In coastal Bangladesh, climate change devastates women’s reproductive health

Research published last year by Ipas, a United States-based NGO that focuses on reproductive justice, found that global warming exacerbated existing gender inequalities and directly and indirectly affected women’s sexual health, pregnancy outcomes, contraceptive use and fertility intentions in Bangladesh and Mozambique, two climate-vulnerable countries. 

The report found that during extreme weather events made worse by climate change, such as cyclones, access to health care and contraceptives was limited. The researchers also found that the climate crisis deepened economic instability and added extra burdens on women’s caregiving responsibilities. 

In some cases, that could mean women need to take up risky work to provide for their families, said Sally Dijkerman, a senior research scientist at Ipas who worked on the report.

“You might as a woman be forced to wade in waist-deep waters where you’re fishing for fingerlings to feed your family, and those rivers have been polluted not just by the cyclones and the destruction to the sanitation systems, but also by the sea levels rising and putting more and more salinization in the water,” she said. “That directly impacts their reproductive organs, causing infections, cancers and injury.”

In Satkhira, saltwater intrusion has choked off access to clean drinking water, according to Akhter.

“There is not a single drop of fresh water in the entire area,” she said. “It takes two hours to get fresh water.”

Fatima Idris Eva, a medical officer in the town of Shyamnagar in Satkhira, said she has noticed an increase in the number of patients, including men, with sexual or reproductive ailments over the past two years. This includes women reporting irregular periods, discharge and sores around the uterus, according to Eva.

“The water in different areas of Shyamnagar is excessively salty,” she said in Bengali. “We get many patients here who have uterine problems due to saltwater use. It’s alarming.”

But the burden on some women can come long before climate-related health problems develop. Poor families may force their daughters to drop out of school to work, or opt to marry off their girls at young ages, in order to alleviate financial stress. Akhter said she herself stopped going to school and got married after Cyclone Aila, which hit Bangladesh in 2009, left her parents in a financial crisis.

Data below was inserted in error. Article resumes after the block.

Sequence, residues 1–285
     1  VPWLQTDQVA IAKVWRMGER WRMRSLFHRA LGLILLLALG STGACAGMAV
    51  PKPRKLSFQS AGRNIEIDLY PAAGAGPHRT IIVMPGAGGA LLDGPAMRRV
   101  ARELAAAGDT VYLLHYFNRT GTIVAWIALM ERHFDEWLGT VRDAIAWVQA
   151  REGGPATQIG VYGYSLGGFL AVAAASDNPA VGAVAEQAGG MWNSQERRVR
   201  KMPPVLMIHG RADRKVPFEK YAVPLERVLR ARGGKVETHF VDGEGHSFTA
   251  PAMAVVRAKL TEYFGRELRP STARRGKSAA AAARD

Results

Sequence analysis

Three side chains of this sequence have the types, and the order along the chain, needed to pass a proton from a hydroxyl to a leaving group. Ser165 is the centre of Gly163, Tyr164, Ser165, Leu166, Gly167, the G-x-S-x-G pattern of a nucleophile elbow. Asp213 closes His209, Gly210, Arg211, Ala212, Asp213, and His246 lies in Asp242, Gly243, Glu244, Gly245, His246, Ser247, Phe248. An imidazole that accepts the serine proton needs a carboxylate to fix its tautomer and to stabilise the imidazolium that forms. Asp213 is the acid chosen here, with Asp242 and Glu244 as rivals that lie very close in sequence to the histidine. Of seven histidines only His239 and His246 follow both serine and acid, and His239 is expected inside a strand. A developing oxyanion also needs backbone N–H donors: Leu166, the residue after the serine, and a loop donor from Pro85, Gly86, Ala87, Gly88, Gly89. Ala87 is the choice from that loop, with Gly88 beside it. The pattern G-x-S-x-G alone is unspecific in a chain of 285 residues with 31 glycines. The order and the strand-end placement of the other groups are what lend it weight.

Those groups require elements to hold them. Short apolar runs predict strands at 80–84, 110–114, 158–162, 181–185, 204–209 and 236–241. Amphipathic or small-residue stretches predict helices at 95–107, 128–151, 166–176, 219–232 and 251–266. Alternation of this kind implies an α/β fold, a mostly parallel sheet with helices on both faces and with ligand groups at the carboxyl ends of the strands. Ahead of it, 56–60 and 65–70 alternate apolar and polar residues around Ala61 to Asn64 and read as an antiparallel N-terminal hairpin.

“This salt water has destroyed my childhood, school, and life,” she said.

Twelve-year-old Sakila Akhtar was similarly robbed of her childhood years to help lift her family out of poverty. She said she once dreamed of becoming a politician to change the fate of the people in her hometown, but she is now mother to a 1½ -year-old daughter.

“I wanted to discover the world in many ways and know how to make many things like handicrafts, but now I have to work as a day laborer with my baby in my arms,” Akhtar said in an interview in Bengali. “My father has nothing. I had to accept it and get married. My husband is poor too.”

Sakila Akhtar said she once dreamed of becoming a politician to change the fate of the people in her hometown, but she is now mother to a one-and-a-half-year-old daughter.Fabeha Monir for NBC News

Akhtar said she has been dealing with irregular periods and heavy discharge, and her doctor recommended bathing in fresh water, but none is available nearby.

Jahanara Begum, 65, remembers when that was not always the case.

“Once upon a time, fresh water was available here,” she said in Bengali, adding that she now has to journey more than 4 miles to fetch drinking water.

Even during the monsoon season, households cannot save enough rainwater to last long periods of time.

Begum said her husband is sick and she suffers from uterine cancer and diabetes. Prolonged exposure to brackish water has also made her whole body itch.

“I see doctors and take medicine, but there is no solution,” she said. “So many diseases have settled in my body in these few years.”

The risks to women’s reproductive health is expected to increase as cyclones and flooding events become more frequent and intense due to global warming, and as sea levels continue to climb. Studies suggest that global average sea levels have risen by more than 8 inches since 1880, and scientists have predicted that roughly 17% of Bangladesh could be submerged by 2050.

“Here, everything becomes locked in a cyclone,” 12-year-old Akhtar said. “Here, while thinking about people’s future, a storm breaks the house, also breaking people’s lives. Here, everyone is happy, but everyone is sick.”

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